Toronto Raptors: DeMar DeRozan must improve his defense


Since being drafted by the Toronto Raptors in 2009, DeMar DeRozan has steadily improved his game. A reliable mid-range shot? Check. Improved playmaking? Done. Master the art of drawing fouls?  Affirmative. Defense? Not so much, but it’s fixable.

By this point, most Toronto Raptor fans know what to expect from DeMar DeRozan. From his impressive scoring ability and exceptional footwork to his knack for drawing fouls, DeRozan is an incredible basketball player— on offense.

On defense, it’s a different story. On a good night, he’s bad. Most nights? A complete and utter liability— blown coverages, lack of awareness, etc.

However, all is not lost. DeRozan is still a big, athletic guard and at times, he’s shown the ability to be an average defender. For most players in the NBA, defensive ability comes down to matchups, effort and mental fortitude. DeRozan has the last two in spades.

If the Raptors want to (really) contend for an NBA championship, DeRozan needs to improve his defense. Here’s why it’s an issue and how he can fix it.

Attributes of a good defender

What makes a good NBA defender? The consensus among many is that you need a high basketball IQ, good awareness, the right techniques/habits (quick hands and feet, coordination, fundamentals) and the requisite physical attributes (length, stamina).

Certain players in the NBA have good basketball instincts but are physically limited. A prime example of this is Steph Curry. While fundamentally sound (he has great positioning and a knack for steals), Curry is lanky, sports a subpar 6’ 3.5” wingspan and lacks elite athleticism. During the Western Conference Finals and the NBA Finals, the opposing teams continually abused him on defense by running him through switches and forcing unfavourable matchups.

The situation is reversed with DeRozan. While he doesn’t have all the attributes of an all-world defender (not the quickest hands and feet), he’s still physically gifted, with superb explosiveness, size and acceleration. It’s the mental side of the game that lets him down.

Master your mind you must

We all know that DeRozan is a mentally resilient person, both on and off the court. Each year he comes back stronger, more capable and with new tricks in his arsenal. Every slight, every piece of criticism feeds his desire to improve, to be a better player and prove his detractors wrong. Despite his success, DeRozan continues to play the role of an outsider fighting for validation. It’s the basketball equivalent of Rodney Dangerfield and “Can’t get no respect.”

Ironically, the biggest thing holding back DeMar DeRozan on defense is his mind. A lot of his problems on that end are a byproduct of mental slippage— he’ll lose his defender, give less than a 100 per cent effort and take unnecessary gambles that force his team to over-rotate. At times, he needs to be reminded/forcefully encouraged to stay engaged.

For a player who models his game after Kobe Bryant, an iron-willed competitor famous for his mental focus, this is inexcusable. DeRozan needs to acknowledge the problem and make a mental commitment to defense next season.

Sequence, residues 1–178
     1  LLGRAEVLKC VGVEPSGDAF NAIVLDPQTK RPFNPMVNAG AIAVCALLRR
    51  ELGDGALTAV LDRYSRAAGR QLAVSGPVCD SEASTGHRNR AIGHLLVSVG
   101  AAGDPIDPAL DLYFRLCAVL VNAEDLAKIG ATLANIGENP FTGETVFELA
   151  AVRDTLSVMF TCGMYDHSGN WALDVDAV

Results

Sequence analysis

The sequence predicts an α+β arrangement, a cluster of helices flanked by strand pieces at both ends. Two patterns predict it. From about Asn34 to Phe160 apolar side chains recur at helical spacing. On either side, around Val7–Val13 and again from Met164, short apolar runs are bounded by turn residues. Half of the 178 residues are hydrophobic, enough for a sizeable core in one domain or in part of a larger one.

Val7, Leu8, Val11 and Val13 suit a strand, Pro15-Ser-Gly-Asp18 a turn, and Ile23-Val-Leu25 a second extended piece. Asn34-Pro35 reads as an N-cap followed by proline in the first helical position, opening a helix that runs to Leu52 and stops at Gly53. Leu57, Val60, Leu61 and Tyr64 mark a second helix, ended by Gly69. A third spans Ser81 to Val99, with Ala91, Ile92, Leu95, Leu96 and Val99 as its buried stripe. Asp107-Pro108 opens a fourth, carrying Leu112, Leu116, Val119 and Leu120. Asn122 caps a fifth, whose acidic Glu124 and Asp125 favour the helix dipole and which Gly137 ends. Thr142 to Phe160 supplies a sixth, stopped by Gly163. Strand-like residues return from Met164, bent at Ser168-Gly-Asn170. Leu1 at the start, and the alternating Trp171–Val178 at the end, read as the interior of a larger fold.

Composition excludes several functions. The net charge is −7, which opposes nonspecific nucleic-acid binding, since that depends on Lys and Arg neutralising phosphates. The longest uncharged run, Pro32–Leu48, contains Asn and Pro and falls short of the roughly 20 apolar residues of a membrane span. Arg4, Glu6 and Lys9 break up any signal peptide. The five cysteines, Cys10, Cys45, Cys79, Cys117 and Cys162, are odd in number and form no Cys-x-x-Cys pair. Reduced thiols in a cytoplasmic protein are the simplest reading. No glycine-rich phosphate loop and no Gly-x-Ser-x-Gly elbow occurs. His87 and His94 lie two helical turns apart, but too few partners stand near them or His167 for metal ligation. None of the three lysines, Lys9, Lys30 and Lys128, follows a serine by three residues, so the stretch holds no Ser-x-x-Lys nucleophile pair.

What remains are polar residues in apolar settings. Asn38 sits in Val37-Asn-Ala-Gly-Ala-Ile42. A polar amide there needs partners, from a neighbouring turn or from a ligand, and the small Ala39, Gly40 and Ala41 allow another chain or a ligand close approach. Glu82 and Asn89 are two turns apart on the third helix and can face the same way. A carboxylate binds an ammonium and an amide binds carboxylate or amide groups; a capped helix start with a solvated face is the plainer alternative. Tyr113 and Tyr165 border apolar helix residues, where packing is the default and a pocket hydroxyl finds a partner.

Fortunately, another year of Toronto Raptors’ cultural reset will make things easier for him.

While he doesn’t have all the attributes of an all-world defender (not the quickest hands and feet), he’s still physically gifted, with good explosiveness, size and acceleration. It’s the mental side of the game that lets him down.

Continue buying into the cultural reset

After their disappointing playoff exit last year, the Raptors instituted the much publicized, much discussed “cultural reset.” Assistant coach (now head coach) Nick Nurse implemented an egalitarian offensive system predicated on ball movement, spacing and three-point shooting. That led to fewer inefficient midrange shots and isolation plays.

One of the key benefactors of this decision was DeRozan. The team no longer ran every play through him, giving everyone on the team an equal opportunity to contribute. While things unravelled in the second round of the playoffs this year, this new approach has been largely effective.

Going into next season, Raptors will continue to emphasize an up-tempo offense; this is especially important when it comes to DeRozan and his defense. Save for a few (i.e. Kawhi Leonard), most elite NBA players conserve energy on defense to maximize their offensive potential. Now that DeRozan no longer needs to do everything, he can focus his mental energy on the other side of the ball. This will lead to less individual defensive breakdowns and better team defense.

Modern NBA defense

As the NBA continues to evolve, teams are continually reinventing themselves to stay ahead of the curve. With three-point shooting a big emphasis now, having defensive versatility is paramount. The Toronto Raptors use a switch-heavy scheme; for it to be effective, especially in the playoffs, they need a DeRozan who’s consistently engaged. You can’t be benched in the most important games and cost your team wins because you’re a defensive sieve.

Can he do it? DeRozan thrives on proving people wrong. As long as he’s committed, it will work. The ingredients are there for success.

Do you think that DeRozan can become a league average defender? Or do you think it’s too late for him to change his ways?